Wisconsin is expected to face a shortfall in financial services employees within the next 10 years, according to several reports aggregated by the Wisconsin Economic Development Corp.
In 2010, demand outstripped supply by 9 percent in the accounting and financial analysis cluster, according to the Be Bold 2 study conducted for the state by ManpowerGroup in 2010. If current trends hold, the gap will increase to 20 percent by 2016.
The insurance industry and other financial services firms are also facing gaps.
Compounding the shortage is the expected retirement of 45 percent of the current financial workforce over the next 10 to 20 years, said Lee Swindall, vice president of business and industry development at WEDC.
The WEDC convened a Financial Services Consortium last year to address the challenges. The consortium is made up of about 30 leaders representing 27 banks, credit unions, insurance companies and other financial services firms. It meets quarterly to identify workforce development needs, marketing challenges and educational goals for creating a skilled workforce pipeline going forward, Swindall said. The members recently formed task groups to address each of the main issues.
The consortium is evaluating changing financial business models, which are moving toward mobile platforms and creating a greater need for information technology employees.
“(Financial companies are) competing with other industries that have a like need for those same kinds of people, particularly in the IT space,” Swindall said.
The FSC will also look at the challenge of filling compliance officer positions in the wake of federal Dodd-Frank regulations.
Corey Hoze, senior vice president of government relations at Associated Banc-Corp and a member of the WEDC board, is a member of the consortium. He is based in Milwaukee and has been in the banking industry for about four years. He wants to get the word out to young people about the opportunities that exist in financial services careers.
“Until I started working for a bank, I wasn’t really aware of the career path that exists,” Hoze said. “One of the things that we’re working on is really trying to work with the universities and technical colleges to develop curriculum programs that really try to identify industry skill requirements in the workforce moving forward so that we can work towards that pipeline.” Several banks and financial institutions are making outreach efforts to students through financial literacy programs, he said. The programs will help increase financial literacy in local communities and raise awareness of potential financial careers.
The consortium is taking a multi-faceted approach to the expected shortfall in the workforce.
“It’s not a situation where any one particular bank is saying ‘We just can’t hire enough of one position,'” Hoze said. “It’s the projected shortfall that we’re looking at.”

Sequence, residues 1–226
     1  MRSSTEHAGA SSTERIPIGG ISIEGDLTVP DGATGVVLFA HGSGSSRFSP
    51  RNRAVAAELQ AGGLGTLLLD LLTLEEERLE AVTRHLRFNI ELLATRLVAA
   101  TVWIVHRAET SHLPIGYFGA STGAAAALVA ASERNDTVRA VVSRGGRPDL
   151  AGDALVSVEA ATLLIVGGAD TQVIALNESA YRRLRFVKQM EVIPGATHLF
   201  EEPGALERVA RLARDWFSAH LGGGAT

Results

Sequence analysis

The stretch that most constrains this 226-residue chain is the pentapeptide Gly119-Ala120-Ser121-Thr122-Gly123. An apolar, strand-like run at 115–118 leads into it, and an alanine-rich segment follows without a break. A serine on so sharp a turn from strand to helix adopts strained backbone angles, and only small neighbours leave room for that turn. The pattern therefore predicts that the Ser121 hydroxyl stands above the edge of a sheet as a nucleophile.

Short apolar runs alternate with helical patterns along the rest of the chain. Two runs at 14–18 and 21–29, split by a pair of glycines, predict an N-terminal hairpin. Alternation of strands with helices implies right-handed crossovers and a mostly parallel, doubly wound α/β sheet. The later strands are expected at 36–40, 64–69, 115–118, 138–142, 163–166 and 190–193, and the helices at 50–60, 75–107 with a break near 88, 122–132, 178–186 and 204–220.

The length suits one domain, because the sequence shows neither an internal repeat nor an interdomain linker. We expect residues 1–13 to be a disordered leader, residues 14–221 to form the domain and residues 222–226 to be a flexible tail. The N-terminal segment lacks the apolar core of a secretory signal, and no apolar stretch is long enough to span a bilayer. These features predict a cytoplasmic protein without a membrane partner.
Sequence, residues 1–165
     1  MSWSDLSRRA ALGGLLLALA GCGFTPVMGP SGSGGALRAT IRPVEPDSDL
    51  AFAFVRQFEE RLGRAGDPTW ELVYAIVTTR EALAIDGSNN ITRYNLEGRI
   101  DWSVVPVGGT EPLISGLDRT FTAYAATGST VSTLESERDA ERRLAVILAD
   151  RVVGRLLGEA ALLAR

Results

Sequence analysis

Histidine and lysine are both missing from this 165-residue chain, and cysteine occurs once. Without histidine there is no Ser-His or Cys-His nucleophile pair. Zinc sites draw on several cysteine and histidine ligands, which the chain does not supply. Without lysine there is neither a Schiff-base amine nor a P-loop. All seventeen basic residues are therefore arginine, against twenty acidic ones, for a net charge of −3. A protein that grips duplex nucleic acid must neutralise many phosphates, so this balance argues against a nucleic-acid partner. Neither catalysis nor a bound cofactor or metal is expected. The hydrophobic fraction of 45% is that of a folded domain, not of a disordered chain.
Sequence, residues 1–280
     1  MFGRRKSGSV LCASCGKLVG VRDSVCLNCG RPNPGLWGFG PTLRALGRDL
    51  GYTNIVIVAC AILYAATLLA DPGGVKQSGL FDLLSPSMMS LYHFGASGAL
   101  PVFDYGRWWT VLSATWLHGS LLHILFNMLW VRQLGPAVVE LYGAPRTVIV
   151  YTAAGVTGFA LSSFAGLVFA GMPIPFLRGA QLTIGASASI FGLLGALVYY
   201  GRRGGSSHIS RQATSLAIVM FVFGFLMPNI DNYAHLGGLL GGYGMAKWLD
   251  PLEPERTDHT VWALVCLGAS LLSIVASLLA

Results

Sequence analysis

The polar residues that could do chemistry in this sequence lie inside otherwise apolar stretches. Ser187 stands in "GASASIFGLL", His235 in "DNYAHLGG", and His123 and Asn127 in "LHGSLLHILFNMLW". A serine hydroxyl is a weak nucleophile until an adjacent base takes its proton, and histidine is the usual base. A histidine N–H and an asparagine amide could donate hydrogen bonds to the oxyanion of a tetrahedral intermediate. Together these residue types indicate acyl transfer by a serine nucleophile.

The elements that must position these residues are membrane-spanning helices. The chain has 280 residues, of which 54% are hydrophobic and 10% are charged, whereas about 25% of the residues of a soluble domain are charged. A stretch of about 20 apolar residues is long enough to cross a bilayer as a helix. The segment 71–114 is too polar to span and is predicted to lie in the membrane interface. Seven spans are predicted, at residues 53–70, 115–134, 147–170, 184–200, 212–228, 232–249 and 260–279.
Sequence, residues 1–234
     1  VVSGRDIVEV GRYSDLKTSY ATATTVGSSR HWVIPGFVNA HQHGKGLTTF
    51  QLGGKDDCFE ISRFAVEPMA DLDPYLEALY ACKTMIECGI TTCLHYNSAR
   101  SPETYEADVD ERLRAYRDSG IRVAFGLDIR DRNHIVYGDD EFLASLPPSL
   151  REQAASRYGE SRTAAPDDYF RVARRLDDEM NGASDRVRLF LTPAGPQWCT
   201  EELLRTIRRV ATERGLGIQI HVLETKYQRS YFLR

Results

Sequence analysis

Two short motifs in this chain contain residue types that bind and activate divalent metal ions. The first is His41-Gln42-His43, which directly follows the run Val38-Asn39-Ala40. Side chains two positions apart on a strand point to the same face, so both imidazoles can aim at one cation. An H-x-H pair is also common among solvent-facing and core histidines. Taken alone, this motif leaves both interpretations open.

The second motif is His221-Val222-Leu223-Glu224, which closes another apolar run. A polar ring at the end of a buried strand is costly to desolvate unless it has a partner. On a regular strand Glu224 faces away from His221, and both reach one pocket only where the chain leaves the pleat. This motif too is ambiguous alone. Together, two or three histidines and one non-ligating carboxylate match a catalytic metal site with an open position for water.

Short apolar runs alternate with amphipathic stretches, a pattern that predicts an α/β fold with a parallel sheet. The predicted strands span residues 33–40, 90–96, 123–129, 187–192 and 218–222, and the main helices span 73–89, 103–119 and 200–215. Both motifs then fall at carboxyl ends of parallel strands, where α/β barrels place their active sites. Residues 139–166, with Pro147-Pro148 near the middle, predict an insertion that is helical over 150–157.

Mike Croasdaile, senior vice president at GE Capital in Milwaukee, is also a consortium member. The group has been benchmarking off of several other industries, including manufacturing, that have experienced a “brain drain” and skills gap, he said.
If financial services organizations want to identify talent within the state, the first step is determining which educational pathways would prepare someone for an entry level position at their organizations, Croasdaile said.
As a campus recruiting leader for GE Capital at the University of Wisconsin-Madison, Croasdaile has seen firsthand the difficulty of attracting some students to less desirable financial services centers geographically.
It wasn’t the workforce issue alone that was the motivation to convene the Financial Services Consortium, Swindall said. Financial services are a driver industry in the state, making up between 16 and 20 percent of the GDP in a given year, he said. The state also wanted to find a way to help address the competitive challenges the industry faces and further engage the sector.
“There’s no other consortium of this kind in the United States that we’re aware of,” Swindall said. “Progressively, we want this to be more and more industry-led, which is sort of the model we’re following right now.”
Long term, the plan is for the FSC to become a permanent entity that continuously assesses the challenges facing the financial services industry, he said.
The financial services workforce shortage is part of a broader problem that many companies are experiencing nationally. It has also hit the manufacturing industry particularly hard. According to the Be Bold 2 study, 63 percent of Wisconsin’s population was of workforce age in 2010. By 2040, that number is expected to drop to 55 percent as some of the population ages out of the workforce.
The Wisconsin Bankers Association has also gotten involved with the FSC and has been happy with its progress, said Eric Skrum, director of communications for WBA.
“One of the focuses of this group has been to develop ways to attract and retain quality talent for the financial services industry, which in turn will help Wisconsin’s financial economy prosper,” he said.
The diverse range of financial services firms now has the tools they need to attract and retain quality talent, Skrum said.
“There has been quite a bit of talk about educating Wisconsin’s workforce over the last few years. It only makes sense to put that same effort into the workforce that serves as part of the state’s financial services industry,” he said.